The Pensions Policy Institute has published a new report, which examines in detail how DC pension schemes can increase their exposure to illiquid and alternative assets.
This report sets out the various challenges, be it costs or regulatory, operational and governance hurdles. It also looks at strategies to overcome these challenges.
It points out that the increase in scheme size – through the consolidation of master trusts and the wider take-up of auto-enrolment – could address many of these challenges.
The report comes as the Department for Work and Pensions, the Treasury and the FCA are consulting on the best way to enable pension schemes to invest more of their assets in these less traditional asset types.
According to the PPI the vast majority of DC assets (76 per cent) are currently invested in listed equities and bonds. A further 5 per cent of assets under management are invested in cash, with the remainder invested in multi-asset and alternative funds.
The PPI report clearly sets out the advantages for DC pensions to invest in a broader range of assets.
It points out these illiquid and alternative assets (such as private listed equity and hedge funds) can offer better diversification, as these assets are not generally subject to the same market forces as publicly-listed equities and bonds, and therefore may not suffer losses at the same time.
It also adds that these assets often provide long-term returns at or above inflation, and may therefore be suited to pension investment. They also have the potential to deliver a higher, more secure return, net of charges, over time than liquid assets.
However the report points out that despite these advantages there are a number of hurdles preventing DC schemes accessing these asset at present. These include:
- Higher costs – costs are often higher than more liquid assets
- Operational challenges – it can be difficult for schemes to integrate illiquid and alternative assets into their investment strategy for a number of reasons, this can include difficulties in valuation of assets, the sharing of risk/ return across different cohorts, and the variable charges and performance fees that are associated with these asset classes. In addition there may be a shortage of supply to these asset classes, particularly via platforms.
- Governance and regulatory challenges – the complexity and a lack of transparency can make it harder for scheme to do their due diligence, and can interfere with schemes fulfilling their obligation to report on costs and charges.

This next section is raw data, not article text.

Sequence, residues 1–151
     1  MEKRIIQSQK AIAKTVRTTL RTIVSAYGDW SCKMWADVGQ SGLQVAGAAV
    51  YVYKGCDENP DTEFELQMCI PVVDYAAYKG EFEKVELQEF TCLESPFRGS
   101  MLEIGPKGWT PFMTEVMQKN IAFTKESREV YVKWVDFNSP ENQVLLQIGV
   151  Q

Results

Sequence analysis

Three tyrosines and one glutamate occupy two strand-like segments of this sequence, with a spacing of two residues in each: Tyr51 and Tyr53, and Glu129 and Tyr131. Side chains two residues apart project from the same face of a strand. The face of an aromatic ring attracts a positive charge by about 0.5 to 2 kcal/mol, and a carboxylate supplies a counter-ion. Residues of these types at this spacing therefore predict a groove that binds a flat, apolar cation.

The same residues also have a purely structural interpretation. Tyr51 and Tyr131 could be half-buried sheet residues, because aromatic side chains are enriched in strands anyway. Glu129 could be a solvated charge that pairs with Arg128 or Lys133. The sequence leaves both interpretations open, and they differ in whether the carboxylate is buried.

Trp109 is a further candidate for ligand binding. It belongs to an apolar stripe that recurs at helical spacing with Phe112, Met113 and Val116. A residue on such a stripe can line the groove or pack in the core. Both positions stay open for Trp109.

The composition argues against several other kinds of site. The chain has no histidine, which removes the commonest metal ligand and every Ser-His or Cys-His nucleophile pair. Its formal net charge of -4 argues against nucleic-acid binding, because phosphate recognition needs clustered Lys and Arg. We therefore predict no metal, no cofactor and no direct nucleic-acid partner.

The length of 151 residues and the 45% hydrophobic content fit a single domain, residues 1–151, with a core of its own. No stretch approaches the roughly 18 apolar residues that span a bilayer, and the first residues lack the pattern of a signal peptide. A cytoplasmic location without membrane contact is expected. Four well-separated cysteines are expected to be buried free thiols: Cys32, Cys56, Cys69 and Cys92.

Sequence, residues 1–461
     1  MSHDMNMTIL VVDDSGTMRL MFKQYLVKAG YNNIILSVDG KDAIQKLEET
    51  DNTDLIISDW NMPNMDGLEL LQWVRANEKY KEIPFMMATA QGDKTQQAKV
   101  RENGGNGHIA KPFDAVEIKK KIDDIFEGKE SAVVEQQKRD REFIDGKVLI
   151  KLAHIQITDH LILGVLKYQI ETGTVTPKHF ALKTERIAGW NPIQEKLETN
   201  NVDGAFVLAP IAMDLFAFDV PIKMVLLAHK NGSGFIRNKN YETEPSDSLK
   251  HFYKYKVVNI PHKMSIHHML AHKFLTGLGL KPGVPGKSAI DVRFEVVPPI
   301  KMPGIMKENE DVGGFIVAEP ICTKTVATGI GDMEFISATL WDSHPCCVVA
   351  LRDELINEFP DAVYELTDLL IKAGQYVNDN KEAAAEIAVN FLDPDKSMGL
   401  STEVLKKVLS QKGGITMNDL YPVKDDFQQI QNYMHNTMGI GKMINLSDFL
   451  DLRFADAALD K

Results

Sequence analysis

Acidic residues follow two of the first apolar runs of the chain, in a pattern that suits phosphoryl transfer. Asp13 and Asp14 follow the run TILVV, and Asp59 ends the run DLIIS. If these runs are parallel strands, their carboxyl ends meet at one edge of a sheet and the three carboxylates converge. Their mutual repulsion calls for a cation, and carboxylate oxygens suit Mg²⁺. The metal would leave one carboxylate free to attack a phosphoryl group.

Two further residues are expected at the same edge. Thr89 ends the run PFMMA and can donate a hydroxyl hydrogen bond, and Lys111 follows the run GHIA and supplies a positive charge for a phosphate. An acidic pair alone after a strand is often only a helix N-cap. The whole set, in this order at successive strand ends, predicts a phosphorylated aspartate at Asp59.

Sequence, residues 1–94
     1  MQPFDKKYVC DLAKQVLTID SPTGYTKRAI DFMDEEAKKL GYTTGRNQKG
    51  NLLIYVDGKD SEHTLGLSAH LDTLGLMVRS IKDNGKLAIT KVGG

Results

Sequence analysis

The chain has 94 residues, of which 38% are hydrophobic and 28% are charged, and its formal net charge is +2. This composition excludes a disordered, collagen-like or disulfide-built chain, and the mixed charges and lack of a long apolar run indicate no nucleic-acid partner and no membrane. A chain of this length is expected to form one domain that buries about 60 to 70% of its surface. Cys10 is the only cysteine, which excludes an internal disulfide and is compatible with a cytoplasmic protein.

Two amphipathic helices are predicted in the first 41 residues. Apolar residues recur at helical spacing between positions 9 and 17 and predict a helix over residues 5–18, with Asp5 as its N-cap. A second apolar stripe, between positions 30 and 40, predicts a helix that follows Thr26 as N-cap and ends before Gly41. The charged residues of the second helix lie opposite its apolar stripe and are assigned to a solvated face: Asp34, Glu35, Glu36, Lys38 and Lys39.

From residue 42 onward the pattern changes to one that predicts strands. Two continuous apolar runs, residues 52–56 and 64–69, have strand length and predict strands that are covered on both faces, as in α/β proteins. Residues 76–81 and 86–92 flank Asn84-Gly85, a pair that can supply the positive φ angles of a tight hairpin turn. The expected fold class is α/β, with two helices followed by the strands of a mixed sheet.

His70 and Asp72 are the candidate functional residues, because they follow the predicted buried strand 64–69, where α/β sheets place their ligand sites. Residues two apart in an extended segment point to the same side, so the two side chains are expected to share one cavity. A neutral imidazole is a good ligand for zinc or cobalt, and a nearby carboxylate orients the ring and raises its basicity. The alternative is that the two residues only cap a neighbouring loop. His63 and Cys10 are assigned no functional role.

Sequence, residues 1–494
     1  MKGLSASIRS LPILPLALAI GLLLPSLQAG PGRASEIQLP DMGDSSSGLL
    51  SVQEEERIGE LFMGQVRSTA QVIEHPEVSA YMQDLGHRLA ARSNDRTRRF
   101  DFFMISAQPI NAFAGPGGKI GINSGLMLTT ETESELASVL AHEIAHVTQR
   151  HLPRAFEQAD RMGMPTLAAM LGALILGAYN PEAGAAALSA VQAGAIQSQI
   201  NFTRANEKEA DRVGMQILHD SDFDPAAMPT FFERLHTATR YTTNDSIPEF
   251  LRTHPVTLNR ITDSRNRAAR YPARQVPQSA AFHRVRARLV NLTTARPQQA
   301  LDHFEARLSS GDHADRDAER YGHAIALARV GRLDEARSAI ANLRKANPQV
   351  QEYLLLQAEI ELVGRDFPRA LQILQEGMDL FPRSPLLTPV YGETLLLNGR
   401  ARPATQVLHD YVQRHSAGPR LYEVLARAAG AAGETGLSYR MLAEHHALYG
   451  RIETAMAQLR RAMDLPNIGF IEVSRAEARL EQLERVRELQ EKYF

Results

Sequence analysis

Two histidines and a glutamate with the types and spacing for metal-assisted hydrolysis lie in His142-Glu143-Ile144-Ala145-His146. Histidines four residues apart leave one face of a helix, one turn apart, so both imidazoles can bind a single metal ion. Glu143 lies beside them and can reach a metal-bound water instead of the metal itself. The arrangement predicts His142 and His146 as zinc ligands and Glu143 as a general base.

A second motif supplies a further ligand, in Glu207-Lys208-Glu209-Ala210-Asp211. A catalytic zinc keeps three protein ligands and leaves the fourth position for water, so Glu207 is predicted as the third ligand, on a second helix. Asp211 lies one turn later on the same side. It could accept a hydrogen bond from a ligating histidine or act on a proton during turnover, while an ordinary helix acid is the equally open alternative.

In addition the PPI points out that Permitted Links regulations have been interpreted as not allowing in investments in assets which do not allow immediate access to funds, though the FCA intents to clarify the wording around these regulations to make it clear that investments in illiquid and alternative assets is allowed.
The PPI report adds that growth, consolidation and the closure of some small schemes could play a key role in overcoming both operational and cost challenges. It estimate that DC assets under management are expected to increase from around £280bn in 2017 to £1.68 trillion by 2030.
At the same time changes to and clarification of regulations may help facilitate more DC scheme investment into these assets.
It says an increase in demand from schemes for these assets should ideally result in investment and development by platforms, leading to a change to the daily valuations and dealing practices of DC platforms, so that assets which are valued less frequently are catered for.
It does add though that asset managers may need more guidance from the regulator on reporting on charges and transaction costs for these assets. In order for schemes to find it easier to comply with disclosure regulations, asset managers may need a prescriptive framework for reporting charges that appear more opaque or vary over time. It points out that the Cost Transparency Initiative is planning to produce templates for this purpose.
The PPI adds that advancements in education and a more “holistic communications approach” – involving consultants, investment managers, platforms and providers – might be necessary to encourage more reluctant trustees to consider these assets.
The report adds that there are methods for calculating the proportion of funds in DC schemes that can be invested in illiquid and alternative assets, to ensure there is sufficient liquid capital to meet ongoing expenses.